Meiosis

By Emiliana Shelton

Importance of meiosis

Meiosis allows chromosome pairs with the same genes, called homologous chromosomes, to exchange pieces in a process called recombination. This enables chromosome pieces from the female parent to combine with those of the male parent.

Stages of Meiosis

Meiosis I

Prophase I: DNA condensation occurs, the nuclear envelope and nuclei disappear, and the spindle starts to form

Metaphase I: tetrads line up at the equator

Anaphase I: Tetrads pull apart and chromosomes with two chromatids move towards the pole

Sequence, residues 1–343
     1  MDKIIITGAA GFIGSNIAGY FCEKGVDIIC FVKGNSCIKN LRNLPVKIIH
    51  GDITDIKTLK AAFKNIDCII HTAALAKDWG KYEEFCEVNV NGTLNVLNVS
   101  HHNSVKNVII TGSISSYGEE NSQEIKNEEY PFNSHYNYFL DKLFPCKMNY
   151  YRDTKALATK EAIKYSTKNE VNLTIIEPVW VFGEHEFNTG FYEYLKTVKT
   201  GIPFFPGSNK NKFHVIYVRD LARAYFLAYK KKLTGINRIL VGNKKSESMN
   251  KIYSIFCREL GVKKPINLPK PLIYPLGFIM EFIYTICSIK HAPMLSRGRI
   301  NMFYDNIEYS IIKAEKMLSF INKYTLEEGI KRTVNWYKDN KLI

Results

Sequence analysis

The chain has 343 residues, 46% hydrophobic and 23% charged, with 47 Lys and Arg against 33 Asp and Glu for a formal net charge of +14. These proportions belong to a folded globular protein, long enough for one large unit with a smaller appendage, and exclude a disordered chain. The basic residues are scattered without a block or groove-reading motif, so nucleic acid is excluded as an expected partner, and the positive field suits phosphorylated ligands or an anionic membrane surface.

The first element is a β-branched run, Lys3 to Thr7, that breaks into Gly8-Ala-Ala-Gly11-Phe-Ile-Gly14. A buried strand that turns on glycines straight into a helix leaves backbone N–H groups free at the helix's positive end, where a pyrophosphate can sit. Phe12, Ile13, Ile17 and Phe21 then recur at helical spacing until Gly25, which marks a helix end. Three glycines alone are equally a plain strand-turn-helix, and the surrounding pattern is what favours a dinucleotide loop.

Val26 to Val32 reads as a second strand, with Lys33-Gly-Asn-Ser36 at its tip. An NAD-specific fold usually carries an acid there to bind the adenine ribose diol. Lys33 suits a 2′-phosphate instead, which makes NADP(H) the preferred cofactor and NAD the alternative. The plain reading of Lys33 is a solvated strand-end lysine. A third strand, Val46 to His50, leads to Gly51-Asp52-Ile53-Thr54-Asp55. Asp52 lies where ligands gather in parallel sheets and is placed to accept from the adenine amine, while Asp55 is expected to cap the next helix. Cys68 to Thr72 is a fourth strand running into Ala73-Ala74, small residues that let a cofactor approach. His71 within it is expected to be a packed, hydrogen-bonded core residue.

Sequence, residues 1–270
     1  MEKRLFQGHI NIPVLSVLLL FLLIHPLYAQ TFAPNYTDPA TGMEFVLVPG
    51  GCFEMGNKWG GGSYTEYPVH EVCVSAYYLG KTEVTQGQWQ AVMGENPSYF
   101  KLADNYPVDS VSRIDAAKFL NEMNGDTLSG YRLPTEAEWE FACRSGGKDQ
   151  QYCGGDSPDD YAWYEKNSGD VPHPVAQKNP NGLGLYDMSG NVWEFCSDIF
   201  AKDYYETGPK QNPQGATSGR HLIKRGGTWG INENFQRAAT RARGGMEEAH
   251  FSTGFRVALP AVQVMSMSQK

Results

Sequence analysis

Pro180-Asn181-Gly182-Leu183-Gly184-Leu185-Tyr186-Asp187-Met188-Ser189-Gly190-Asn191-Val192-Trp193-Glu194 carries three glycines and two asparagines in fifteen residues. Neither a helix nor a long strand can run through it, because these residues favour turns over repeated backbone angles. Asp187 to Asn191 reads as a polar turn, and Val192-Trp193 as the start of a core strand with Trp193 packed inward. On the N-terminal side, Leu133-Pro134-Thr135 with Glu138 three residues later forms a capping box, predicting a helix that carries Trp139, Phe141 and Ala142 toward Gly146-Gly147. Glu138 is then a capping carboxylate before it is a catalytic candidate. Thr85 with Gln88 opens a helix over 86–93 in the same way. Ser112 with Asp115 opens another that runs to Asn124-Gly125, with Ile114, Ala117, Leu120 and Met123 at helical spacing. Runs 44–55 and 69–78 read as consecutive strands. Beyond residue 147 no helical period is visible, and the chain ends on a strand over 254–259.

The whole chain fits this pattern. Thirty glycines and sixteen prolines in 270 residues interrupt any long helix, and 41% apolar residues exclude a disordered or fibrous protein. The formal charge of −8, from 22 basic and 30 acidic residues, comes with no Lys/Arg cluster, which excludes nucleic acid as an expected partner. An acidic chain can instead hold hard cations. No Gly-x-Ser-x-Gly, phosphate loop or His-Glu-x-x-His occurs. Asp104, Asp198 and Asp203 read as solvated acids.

Telophase I: Chromosomes with two chromatids decondense and a nuclear envelope forms around them

Meiosis II

Prophase II: Chromosomes with two chromatids line up at the equator

Metaphase II: Chromosomes with two chromatids lines up at the equator

Anaphase II: Chromosomes split, so that a chromosome with only with only one chromatid heads towards eat pole

Telophase II: Chromosomes with only one chromatid decondense and get surrounded by nuclear dense

Form of reproduction

Meiosis is a form of Sexual Reproduction. Mitosis is a form of asexual reproduction meaning one does not have to mate to reproduce because they reproduce their own species cellularly. The reproduction of meiosis are genetically different and the reproduction of mitosis are genetically the same because it is reproduced from only one set of chromosomes so therefore it stays the same.
Stages of Meiosis [HD Animation]